Robert E. lee was the commander of the Confederate army
Joshua Chamberlain was born in Brewer, Maine September 8, 1828. See the link below for more on Chamberlain's life.
Robert Anderson died in Nice, France, October 26, 1871.
Most sources place him at around 5' 10" -5' 10-1/2"
John Hunt Morgan died on September 4, 1864 at the age of 39. (He was a general in the confederate army.)
General Albert Sydney Johnston was the second highest ranking officer in the Confederacy (behind the elderly Samuel Cooper and ahead of Robert E. Lee). he was killed at the battle of Shiloh.
1, i would imagine.
1. Establish a blockade of Northern ships around the Southern State's coastline; and
2. Prevent the South from exporting cotton and receiving supplies.
The third part of General Winfield Scott's plan was to take control of the Mississippi River. This would enhance the Union's use of this major waterway by having it act as a supply route and transportation of troops vis the river instead of railways and roads. Large cargo loads would be made possible via the river.
Blockading the Southern ports, to deprive the Confederates of imports, effectively strangling the economy.
Thomas "Stonewall" Jackson.
Major General George G. Meade was the general of the Union army at the Battle of Gettysburg. Meade led the Army of the Potomac, having been appointed to replace General Hooker.
The main cause of the Civil War was States Rights. The South was afraid that Abraham Lincoln would emancipate slaves, and they believed that the US President should not be making decisions that affected the entire country and that States should have the right to make those decisions. It wasn't so much the emancipation of slaves that concerned the South, but rather the fact that if Lincoln were to free the slaves, it would be denying the states their rights.
In order to fully understand the reasoning of the South, you have to step into their shoes. Back then the US was thought of much as we think of the UN, a group of nations (or states) that were united. So if several leading nations in the UN were to tell us to do something that we thought was infringing on our rights, what would we do?
On the other side of the argument, the Northern states saw is as an uprising, or rebellion, against the US, and were determined to keep the Union together. If it meant war, so be it. Lincoln summed it up when he said, "A house divided against itself cannot stand." The North believed that if the South seceded that both nations would collapse. The economy was very dependent on both the agriculture of the South and the factories of the North. If the South had won the war, there might have been an economical collapse.
Of course there is many other reasons contributing to the friction felt between the US and CS, and there will always be debating about the cause of the war, but most agree that the reason stated above is the main, underlying issue.
The Division Over Slavery
It is, of course, the fact that slavery was an integral part of the Southern agricultural economy made it a more important "right" than other activities that the states did not want to cede to the federal government. Some historians describe the Civil War as the triumph of industry over agriculture, which when comparing the two economies is also a reasonable factor. And slavery was the biggest single attribute that differentiated the North and South. To say that the war's single biggest cause was not slavery is to overlook the contentious history of the early 19th century, in which slavery was a principal issue.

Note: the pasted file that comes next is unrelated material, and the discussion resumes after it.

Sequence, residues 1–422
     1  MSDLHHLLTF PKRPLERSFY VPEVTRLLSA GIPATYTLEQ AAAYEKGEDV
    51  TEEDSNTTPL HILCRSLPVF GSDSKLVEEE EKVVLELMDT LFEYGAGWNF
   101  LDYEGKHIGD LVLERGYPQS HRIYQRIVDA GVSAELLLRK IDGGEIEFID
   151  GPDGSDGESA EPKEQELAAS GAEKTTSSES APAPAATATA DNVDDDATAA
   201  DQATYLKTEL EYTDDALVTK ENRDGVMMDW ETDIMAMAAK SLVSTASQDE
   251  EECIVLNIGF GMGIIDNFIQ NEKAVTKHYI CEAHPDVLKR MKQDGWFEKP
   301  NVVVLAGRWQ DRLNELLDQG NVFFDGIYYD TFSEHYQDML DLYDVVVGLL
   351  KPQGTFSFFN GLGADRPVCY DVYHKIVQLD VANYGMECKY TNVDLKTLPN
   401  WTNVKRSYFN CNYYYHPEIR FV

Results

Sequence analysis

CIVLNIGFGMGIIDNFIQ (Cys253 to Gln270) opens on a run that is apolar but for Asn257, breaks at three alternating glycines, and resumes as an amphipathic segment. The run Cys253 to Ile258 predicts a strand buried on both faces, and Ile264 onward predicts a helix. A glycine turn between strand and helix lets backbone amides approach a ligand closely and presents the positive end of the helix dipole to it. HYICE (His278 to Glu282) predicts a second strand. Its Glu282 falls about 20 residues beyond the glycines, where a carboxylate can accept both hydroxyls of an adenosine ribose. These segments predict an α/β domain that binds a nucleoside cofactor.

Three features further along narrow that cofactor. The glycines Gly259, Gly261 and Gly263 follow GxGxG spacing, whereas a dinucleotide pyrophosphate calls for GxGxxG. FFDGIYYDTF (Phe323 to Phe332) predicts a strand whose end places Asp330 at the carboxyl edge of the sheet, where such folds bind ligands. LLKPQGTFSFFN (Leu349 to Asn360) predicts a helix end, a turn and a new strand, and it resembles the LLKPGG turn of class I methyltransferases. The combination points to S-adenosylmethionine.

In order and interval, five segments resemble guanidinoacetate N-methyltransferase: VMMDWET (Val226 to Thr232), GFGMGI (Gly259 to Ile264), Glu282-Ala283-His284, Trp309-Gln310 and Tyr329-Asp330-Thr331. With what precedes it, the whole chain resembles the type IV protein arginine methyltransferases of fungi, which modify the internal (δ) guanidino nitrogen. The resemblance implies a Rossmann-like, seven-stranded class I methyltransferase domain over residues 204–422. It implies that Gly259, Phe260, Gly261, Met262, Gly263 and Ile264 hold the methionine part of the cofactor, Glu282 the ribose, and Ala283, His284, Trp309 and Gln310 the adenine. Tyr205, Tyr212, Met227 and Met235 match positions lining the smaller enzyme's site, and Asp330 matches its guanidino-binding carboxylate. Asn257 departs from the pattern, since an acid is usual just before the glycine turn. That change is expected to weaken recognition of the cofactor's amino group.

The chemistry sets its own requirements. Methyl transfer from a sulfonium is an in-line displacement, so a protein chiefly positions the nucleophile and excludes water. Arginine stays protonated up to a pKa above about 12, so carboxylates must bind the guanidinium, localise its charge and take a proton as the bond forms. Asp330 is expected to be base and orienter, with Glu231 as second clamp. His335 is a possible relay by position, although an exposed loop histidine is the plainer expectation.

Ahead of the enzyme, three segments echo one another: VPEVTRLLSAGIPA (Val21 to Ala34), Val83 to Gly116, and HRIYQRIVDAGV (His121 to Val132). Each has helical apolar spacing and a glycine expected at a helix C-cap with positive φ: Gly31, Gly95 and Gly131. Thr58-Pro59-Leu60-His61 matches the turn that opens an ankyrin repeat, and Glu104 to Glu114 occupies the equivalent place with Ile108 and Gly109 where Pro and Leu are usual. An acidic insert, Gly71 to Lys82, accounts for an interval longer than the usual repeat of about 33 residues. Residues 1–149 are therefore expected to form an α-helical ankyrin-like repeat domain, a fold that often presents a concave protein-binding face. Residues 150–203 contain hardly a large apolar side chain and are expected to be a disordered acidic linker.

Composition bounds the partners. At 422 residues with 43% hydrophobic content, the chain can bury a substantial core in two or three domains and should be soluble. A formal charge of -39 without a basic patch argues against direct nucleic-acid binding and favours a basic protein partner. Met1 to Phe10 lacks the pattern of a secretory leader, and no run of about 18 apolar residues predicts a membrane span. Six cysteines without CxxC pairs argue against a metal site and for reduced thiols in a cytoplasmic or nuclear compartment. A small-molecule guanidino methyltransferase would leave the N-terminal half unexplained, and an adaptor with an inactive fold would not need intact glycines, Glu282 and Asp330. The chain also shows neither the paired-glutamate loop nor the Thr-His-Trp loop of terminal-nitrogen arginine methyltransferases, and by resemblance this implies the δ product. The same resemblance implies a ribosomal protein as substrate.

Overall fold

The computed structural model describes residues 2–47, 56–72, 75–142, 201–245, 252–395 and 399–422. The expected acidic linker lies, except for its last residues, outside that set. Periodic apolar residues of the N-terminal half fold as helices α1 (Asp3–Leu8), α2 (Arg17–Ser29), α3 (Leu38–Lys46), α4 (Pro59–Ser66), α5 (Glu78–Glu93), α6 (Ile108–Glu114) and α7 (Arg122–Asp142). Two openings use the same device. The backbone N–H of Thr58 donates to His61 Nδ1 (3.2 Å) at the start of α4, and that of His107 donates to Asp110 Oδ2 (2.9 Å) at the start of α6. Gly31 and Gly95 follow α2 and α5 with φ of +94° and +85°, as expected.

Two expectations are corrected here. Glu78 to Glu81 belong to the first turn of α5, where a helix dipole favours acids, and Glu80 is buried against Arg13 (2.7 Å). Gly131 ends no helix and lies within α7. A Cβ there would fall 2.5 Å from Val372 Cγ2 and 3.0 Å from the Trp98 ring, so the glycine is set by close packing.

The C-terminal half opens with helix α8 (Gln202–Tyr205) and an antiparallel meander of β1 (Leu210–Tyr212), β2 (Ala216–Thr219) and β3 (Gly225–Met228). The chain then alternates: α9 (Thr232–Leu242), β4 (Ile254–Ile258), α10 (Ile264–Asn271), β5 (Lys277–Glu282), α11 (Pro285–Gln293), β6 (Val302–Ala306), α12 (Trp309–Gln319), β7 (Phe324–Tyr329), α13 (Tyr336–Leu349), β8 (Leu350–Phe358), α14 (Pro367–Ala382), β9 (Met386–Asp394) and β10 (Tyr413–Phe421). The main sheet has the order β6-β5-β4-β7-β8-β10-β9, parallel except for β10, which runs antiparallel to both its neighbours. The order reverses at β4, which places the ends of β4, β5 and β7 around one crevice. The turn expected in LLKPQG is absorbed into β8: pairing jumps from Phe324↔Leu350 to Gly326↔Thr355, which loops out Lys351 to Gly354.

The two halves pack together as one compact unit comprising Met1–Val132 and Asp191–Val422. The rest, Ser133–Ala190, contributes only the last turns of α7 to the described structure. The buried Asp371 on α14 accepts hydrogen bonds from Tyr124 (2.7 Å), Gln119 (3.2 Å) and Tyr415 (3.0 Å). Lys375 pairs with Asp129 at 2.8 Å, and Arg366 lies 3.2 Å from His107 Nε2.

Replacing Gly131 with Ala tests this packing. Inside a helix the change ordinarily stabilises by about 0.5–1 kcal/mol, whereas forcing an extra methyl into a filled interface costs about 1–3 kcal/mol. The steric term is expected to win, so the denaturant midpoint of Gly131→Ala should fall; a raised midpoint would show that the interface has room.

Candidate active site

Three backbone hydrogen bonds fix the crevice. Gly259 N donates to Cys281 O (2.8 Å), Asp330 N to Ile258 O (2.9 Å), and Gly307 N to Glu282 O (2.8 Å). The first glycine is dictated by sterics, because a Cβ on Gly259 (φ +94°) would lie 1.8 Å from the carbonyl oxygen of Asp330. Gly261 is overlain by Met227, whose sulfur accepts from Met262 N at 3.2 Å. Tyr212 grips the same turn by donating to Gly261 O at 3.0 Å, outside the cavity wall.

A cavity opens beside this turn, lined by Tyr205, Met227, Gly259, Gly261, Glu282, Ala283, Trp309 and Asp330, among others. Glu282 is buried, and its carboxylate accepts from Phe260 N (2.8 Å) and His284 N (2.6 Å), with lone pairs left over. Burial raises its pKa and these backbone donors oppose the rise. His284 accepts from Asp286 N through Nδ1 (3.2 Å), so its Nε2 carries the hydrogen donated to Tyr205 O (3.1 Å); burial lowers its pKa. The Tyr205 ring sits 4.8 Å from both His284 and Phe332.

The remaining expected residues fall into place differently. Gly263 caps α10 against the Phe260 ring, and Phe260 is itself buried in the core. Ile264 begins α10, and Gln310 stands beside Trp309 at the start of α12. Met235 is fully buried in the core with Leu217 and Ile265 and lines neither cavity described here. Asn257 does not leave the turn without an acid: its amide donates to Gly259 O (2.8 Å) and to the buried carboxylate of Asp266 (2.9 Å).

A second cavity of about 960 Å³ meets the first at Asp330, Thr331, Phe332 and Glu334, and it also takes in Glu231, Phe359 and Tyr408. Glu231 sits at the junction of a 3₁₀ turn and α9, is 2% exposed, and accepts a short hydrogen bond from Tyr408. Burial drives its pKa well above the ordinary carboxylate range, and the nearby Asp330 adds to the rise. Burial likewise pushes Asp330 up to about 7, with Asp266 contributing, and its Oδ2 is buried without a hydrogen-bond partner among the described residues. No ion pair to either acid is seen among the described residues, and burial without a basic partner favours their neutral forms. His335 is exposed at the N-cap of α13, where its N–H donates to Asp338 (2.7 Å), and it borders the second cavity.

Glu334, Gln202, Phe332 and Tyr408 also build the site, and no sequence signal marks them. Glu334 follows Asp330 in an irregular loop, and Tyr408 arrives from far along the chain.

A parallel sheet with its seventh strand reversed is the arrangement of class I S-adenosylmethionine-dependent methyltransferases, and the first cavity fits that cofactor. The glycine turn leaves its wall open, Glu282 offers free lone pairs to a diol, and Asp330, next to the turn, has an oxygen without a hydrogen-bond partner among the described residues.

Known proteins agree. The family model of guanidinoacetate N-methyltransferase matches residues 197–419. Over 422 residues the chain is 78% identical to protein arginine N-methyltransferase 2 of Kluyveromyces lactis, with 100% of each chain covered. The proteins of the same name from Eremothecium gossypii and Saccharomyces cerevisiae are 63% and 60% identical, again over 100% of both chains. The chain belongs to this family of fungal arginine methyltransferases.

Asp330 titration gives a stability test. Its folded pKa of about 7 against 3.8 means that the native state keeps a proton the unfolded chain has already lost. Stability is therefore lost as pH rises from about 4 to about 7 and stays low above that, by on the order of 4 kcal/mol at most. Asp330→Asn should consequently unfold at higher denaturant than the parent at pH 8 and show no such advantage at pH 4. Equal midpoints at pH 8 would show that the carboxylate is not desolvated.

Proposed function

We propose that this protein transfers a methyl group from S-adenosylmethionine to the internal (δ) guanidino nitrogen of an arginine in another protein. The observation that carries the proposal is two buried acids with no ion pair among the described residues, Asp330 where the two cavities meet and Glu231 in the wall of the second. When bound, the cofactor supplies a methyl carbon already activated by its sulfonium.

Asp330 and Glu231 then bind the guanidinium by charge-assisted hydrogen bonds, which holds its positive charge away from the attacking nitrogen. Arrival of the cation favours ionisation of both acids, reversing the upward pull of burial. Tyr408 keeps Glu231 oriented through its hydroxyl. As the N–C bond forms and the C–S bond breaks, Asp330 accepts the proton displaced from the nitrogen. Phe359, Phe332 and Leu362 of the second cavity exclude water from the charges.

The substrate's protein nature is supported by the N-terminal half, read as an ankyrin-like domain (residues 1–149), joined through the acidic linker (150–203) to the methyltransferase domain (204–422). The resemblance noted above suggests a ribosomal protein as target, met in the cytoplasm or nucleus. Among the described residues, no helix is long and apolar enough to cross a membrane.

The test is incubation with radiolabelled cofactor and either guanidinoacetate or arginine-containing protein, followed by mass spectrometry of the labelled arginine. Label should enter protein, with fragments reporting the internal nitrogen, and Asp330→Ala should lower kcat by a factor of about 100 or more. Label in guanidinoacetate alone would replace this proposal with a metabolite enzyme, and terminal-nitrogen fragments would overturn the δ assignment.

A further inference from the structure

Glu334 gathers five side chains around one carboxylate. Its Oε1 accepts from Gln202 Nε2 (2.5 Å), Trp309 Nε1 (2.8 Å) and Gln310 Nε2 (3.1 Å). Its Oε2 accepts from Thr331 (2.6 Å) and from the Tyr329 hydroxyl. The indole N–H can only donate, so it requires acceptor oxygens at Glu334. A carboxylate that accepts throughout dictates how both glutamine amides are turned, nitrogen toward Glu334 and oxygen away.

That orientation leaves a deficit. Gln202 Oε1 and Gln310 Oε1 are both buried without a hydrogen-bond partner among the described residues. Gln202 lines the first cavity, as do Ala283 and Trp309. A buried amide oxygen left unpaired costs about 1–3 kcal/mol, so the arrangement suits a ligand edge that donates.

The Union or the US side had the Anaconda Plan. It was devised by the aged General In Chief, Winfield Scott. It was a plan to blockade the Southern coast and capture ports along the Mississippi River in order to choke off Confederate supply lines from Europe as well as from the western reaches of the Confederacy.
Both. He was a human being and had numerous faults. He was also a very kind, generous person and no better soldier ever lived.
He was a Confederate Lieutenant General who served as one of the most gifted cavalry and guerrilla commanders of the American Civil War. After the war he became involved in the newly formed Ku Klux Klan and opposed Reconstruction in his home state of Tennessee. Within a few years of taking over the KKK however, Forrest felt it had become too violent in regard to African Americans and other people involved with Reconstruction, and ordered it disbanded.
Clearly Lieutenant Robert E. Lee was a great general. His counterparts in both the South and the North did not have the ability to win battles or escape from severe danger if they were outnumbered.Grant, Sherman, Halleck, McClellan, Burnside, Pope, Hooker, Rosencrans, and Buell always, except for perhaps a few instances, fought with more troops and had more access to supplies than did Lee.
Also, Union generals had warship & gunship support on Southern waterways.
On the Rebel side, a case can be made for Stonewall Jackson. His exploits are legendary.
Credit and consideration should also be given to J. Johnston, Beauregard and Longstreet, also to AP Hill.
George B. McClellan remains a famous general of the US Civil War because he was excellent at organizing and training troops for battle. Additionally, Lincoln's appointment of him as general in chief was an important position. Also, McClellan's name remains prominent because of his involvement in the Peninsula Campaign, Second Battle of Bull Run and the Battle of Antietam. His dismissal by Lincoln was a negative for him, but it helped his image of being "famous". He added to that so-called fame by running against Lincoln in the 1864 presidential election.
In the Western Theater of the US Civil War, there were several noteworthy and successful Union generals. Here is a brief list:
1. US Grant 2. Don Carlos Buell 3. William T. Sherman 4. John McClernand 5. Henry W. Halleck